Paul Theroux on Harper Lee: "She's very feisty- feisty southern woman."

Credit: Getty Images via NPR Books

Paul Theroux on Harper Lee

July 9, 2015

Paul Theroux joined Jim and Margery to discuss Harper Lee's classic To Kill a Mockingbird and it's cousin Go Set A Watchman (out July 14th). 

To Kill a Mockingbird made Harper Lee famous and in turn Lee made her hometown, Monroeville, Alabama famous; the town on which Maycomb County is based.

In To Kill A Mockingbird, Lee describes Maycomb County as a  “tired old town.” In fiction it is frozen in the mid 1930’s, worn down by the Great Depression. But it’s real life counterpart is still chugging along, but barely.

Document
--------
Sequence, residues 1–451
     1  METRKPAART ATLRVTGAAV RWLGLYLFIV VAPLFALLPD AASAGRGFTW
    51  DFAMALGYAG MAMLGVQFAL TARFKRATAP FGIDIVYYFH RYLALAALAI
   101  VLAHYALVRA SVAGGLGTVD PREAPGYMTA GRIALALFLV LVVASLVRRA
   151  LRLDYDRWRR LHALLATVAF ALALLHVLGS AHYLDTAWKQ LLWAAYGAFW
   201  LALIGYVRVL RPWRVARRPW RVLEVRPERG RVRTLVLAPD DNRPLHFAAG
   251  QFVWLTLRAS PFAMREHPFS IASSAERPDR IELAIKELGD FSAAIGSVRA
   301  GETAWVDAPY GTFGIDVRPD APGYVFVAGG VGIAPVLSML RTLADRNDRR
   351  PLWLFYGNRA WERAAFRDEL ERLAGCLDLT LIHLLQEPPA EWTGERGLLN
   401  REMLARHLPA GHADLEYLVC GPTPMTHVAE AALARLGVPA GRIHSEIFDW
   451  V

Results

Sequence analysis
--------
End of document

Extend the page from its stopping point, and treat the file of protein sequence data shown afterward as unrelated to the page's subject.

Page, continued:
With Harper Lee’s second novel about to hit the bookstores, travel writer Paul Theroux went to the town that  Lee  made famous. He’s written about how Monroeville has--and hasn’t--changed for the latest issue of Smithsonian Magazine.

Theroux anticipates that many readers will pick up Go Set a Watchman out of sheer curiosity. In the years between Mockingbird and Watchman, Harper Lee has attempted two books, and completed several magazine articles, but ultimately gave up writing. Perhaps she didn't have the soul of a writer. Perhaps she had simply done what she had set out to do. Ultimately, "she was overwhelmed by the publicity," Theroux reckons. 

Perhaps what is most interesting about the genetic makeup of To Kill A Mockingbird is how much it became a product of its two editors, as it was of Lee's."Her editors became her friends," Theroux shares. "They never left her. The worked with her constantly to lick the thing into shape. In many ways, it's a confection of these three people." 

Readers will have to wait until July 14th to see if Go Set a Watchman strikes the same strange, extraordinary chord. 


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